Jump again to October, and I've felt like my life is still moving at a million miles a minute. I started working on notes for this year's NaNoWriMo. I'm pretty happy about it, actually. But I've also had a work conference. I sit on the board for that colleague group, so that was a whole ball of stress. And then last weekend, Joey and I took a mini vacation with some friends up to the Finger Lakes region where we toured so many wineries and pretended we were 21 again. Two and a half days of being wine drunk is a whole thing. But it was a great trip.
And that brings us to today. Today is National Coming Out Day, which happens to also be the day that I posted my first blog post ever, several years ago. It's a day, in some ways, of visibility. And I want to tell a quick story of something that happened at Once Upon A Book, that illustrates the importance of that visibility.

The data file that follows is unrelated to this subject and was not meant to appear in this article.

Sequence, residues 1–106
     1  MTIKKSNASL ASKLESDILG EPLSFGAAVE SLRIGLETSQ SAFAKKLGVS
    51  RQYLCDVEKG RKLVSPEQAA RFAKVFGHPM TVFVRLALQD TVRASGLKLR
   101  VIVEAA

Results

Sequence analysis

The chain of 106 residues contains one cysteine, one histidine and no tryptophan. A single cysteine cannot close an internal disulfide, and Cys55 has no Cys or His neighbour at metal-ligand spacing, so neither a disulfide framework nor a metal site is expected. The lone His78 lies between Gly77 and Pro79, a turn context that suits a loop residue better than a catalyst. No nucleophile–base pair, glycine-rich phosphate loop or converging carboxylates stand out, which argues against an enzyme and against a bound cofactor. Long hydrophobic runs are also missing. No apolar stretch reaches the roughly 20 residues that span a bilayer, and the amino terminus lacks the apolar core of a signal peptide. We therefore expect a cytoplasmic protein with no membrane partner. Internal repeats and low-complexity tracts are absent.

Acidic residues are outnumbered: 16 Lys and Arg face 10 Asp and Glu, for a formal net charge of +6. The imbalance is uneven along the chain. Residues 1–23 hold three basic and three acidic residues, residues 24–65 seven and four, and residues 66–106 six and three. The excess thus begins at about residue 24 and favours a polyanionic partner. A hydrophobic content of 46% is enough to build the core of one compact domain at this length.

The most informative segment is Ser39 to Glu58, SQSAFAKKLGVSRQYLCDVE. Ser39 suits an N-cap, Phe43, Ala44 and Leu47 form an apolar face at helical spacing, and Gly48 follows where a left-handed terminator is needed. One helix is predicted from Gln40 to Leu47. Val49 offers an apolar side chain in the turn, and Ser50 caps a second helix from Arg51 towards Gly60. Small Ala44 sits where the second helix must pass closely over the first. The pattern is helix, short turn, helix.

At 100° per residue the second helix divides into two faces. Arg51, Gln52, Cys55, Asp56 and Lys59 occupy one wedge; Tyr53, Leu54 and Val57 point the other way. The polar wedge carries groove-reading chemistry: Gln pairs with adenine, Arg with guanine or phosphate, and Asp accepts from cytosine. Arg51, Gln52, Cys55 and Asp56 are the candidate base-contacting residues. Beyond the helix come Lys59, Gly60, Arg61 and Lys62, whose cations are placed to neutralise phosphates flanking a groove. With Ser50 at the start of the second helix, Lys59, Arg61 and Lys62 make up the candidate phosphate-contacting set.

Early in the morning of the signing event at the conference, I had my table set up and some of those attending - readers, reviews, etc. - were just starting to enter the convention hall. As you can see from the image above, the PRIDE flag is front and center. I made this decision for a two reasons, one, so that people who were looking for queer stories could recognize it as a place to find them and so that those who don't want those stories could easily see that and know this isn't their bag without having a conversation that could turn uncomfortable for either of us.
As the attendees are entering the space, one young man, about 16 years old, makes his way around the convention hall and stops a few yards away from my table and just stares at me, before continuing his way around the space. Then he does it again, stopping and watching me. Then he does it again. And to be honest, I was preparing myself for some unpleasant conversations. After several loops through the space, the young man, starts stepping up to my table and I was braced for impact.